Don’t let sunburn and dehydration spoil your summer fun
On a beautiful sunny day, nothing beats being outside and soaking up the sunshine. But there are a number of health factors that are well worth considering before you head out in search of a tan.
Even when it is cloudy, we can burn in the UK – sunshine doesn’t just happen on holiday abroad. Whatever your age, it’s important to enjoy the sun safely and protect your skin from sunburn using a combination of clothing, sunscreen and shade.
Remember there is no safe or healthy way of getting a tan. Neither does a tan help protect you from the sun’s harmful effects. Try and strike a balance between getting enough vitamin D from sunlight and protecting yourself.
When the sun is at its strongest between 11am and 3pm in the UK, try and spend time in the shade, or cover up with clothes, a hat and sunglasses. Generously apply a suncream with a protection factor of at least SPF15 and four stars (UVA protection) at least 30 minutes before going out and just before going out. Then reapply it regularly.
You can find shade in a number of different places - look for trees and foliage, umbrellas and parasols, canopies and awnings, tents and shelter or by just simply going indoors. Do be aware, however, that UV rays can penetrate some fabrics and can reflect off the ground, so in some case still ensure you are covered up/and or use sunscreen.
With clothes, the more of you that is covered, the better the protection. Opt for loose fitting garments made from denser weave fabrics that are deeper in colour. Dry fabrics will protect you better from the sun than if they are wet – particularly if they are made from cotton.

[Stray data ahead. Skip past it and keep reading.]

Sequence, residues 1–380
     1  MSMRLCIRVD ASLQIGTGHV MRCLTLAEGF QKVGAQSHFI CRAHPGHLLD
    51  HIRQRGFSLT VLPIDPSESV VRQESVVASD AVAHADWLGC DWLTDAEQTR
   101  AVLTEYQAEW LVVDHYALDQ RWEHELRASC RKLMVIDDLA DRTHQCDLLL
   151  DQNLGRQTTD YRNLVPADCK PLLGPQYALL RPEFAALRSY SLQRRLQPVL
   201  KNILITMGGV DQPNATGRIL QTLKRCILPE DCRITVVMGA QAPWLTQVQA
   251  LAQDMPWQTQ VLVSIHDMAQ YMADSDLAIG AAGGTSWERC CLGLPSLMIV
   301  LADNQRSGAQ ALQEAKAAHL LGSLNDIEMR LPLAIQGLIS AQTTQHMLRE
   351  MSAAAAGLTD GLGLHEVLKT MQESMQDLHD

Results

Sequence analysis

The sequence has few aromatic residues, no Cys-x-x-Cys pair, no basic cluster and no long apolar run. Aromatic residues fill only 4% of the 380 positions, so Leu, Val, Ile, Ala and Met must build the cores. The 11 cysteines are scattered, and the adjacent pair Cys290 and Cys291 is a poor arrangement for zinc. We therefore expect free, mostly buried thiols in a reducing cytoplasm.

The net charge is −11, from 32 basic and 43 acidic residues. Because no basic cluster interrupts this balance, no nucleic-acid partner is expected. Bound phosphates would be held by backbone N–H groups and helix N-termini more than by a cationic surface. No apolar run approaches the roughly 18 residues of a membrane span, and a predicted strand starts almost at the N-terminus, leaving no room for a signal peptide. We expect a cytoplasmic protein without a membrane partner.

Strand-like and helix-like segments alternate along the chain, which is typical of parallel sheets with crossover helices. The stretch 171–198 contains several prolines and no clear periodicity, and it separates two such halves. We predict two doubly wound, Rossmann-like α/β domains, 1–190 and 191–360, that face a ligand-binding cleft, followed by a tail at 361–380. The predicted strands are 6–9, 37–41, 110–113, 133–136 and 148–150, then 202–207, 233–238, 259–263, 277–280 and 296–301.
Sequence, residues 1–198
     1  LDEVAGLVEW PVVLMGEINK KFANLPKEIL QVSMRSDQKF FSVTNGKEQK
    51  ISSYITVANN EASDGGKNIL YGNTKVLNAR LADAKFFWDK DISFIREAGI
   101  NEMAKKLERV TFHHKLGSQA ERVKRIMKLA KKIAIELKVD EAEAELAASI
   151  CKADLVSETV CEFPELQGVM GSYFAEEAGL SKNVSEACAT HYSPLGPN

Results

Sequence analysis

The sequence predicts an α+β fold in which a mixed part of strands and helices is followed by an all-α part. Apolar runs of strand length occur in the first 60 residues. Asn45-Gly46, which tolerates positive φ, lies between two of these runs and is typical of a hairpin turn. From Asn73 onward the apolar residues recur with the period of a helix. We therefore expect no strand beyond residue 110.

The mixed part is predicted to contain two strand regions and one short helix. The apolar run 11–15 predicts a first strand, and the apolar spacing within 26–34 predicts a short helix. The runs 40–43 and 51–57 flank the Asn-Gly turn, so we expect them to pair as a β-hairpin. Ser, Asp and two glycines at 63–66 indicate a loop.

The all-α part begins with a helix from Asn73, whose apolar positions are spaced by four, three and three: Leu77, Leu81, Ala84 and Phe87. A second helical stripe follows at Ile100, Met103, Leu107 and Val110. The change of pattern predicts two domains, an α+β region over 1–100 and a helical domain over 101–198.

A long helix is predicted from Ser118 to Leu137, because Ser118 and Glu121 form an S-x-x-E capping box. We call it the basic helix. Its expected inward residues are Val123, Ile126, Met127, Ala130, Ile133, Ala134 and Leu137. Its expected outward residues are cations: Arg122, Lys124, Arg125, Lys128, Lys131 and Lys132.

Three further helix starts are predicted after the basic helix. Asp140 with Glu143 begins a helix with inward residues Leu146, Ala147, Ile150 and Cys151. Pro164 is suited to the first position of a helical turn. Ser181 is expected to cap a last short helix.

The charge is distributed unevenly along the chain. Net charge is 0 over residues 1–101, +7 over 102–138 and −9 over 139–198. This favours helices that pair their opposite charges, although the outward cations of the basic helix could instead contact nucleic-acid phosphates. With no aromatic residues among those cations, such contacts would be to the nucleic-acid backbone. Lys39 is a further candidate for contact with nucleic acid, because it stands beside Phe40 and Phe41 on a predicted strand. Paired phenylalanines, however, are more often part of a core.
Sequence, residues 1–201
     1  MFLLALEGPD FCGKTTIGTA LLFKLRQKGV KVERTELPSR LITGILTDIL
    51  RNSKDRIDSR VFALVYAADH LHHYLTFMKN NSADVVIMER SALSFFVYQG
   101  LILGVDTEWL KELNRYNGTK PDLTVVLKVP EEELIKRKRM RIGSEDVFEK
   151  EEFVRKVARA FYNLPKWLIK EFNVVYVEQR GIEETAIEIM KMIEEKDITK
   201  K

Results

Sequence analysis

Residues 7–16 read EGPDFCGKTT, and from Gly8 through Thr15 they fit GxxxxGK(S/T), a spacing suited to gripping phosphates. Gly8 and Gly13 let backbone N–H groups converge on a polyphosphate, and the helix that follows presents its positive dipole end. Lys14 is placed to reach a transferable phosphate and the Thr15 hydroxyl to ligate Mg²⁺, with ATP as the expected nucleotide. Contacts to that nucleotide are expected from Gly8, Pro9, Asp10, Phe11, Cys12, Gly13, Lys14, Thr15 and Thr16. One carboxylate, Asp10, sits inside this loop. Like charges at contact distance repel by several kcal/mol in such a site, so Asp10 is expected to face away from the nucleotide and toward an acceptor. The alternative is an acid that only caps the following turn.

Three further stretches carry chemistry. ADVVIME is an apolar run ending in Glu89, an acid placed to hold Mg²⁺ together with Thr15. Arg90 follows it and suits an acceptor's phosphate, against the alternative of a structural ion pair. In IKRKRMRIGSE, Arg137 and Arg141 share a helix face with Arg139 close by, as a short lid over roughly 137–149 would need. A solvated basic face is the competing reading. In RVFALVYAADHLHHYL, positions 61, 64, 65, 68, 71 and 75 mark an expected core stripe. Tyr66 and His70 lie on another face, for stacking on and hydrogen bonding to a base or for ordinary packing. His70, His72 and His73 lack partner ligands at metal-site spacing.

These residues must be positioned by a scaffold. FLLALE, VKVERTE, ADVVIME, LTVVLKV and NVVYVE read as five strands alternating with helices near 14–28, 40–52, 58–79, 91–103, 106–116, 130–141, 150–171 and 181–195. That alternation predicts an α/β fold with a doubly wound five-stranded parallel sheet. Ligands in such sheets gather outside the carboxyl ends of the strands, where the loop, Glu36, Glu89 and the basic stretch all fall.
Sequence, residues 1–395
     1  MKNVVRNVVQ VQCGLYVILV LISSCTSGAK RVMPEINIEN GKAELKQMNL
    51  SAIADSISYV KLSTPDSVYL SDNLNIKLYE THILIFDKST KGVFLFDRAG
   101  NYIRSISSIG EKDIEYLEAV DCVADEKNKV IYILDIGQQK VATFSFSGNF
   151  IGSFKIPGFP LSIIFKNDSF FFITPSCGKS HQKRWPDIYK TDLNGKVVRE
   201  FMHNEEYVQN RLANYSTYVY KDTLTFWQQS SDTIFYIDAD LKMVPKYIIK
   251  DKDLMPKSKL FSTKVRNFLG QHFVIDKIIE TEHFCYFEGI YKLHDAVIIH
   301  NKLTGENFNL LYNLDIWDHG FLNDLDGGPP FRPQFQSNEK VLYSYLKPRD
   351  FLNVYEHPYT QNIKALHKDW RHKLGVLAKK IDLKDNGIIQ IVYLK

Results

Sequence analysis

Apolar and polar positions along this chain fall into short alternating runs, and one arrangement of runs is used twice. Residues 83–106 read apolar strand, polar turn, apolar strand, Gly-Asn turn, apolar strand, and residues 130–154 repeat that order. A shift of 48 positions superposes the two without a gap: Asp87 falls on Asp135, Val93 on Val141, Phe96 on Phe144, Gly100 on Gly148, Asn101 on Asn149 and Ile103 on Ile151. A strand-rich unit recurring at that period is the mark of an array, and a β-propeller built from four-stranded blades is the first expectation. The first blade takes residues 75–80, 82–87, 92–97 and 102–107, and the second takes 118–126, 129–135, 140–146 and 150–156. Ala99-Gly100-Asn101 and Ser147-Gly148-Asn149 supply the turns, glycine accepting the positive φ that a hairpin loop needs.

Wide brimmed or Legionnaire style hats are excellent for protecting the face and head.
Sunglasses are important, too. Always choose brands that offer the UV400 label and a 100% UV protection label or sticker. Wraparound style glasses offer protection at the side of the eye.
On very hot days it is sensible to avoid too much physical exertion. Keep your outdoor activities, gardening or even DIY to the cooler parts of the day in the early morning and evening.
Dehydration (not having enough water) is another problem that can be caused by hot weather, as well as high levels of physical activity or poor diet. Essentially, it is cause by not drinking enough fluid to replace the amount we lose.
Make sure you drink plenty of fluids such as water or diluted squash – this is better than tea, coffee, or carbonated drinks containing caffeine. Be aware that older people, babies and infants, athletes and people with a long-term health condition can be particularly at risk of becoming dehydrated.
Early warning signs of dehydration, include: feeling thirsty and lightheaded, a dry mouth, tiredness, dark coloured, strong-smelling urine and passing less urine than usual.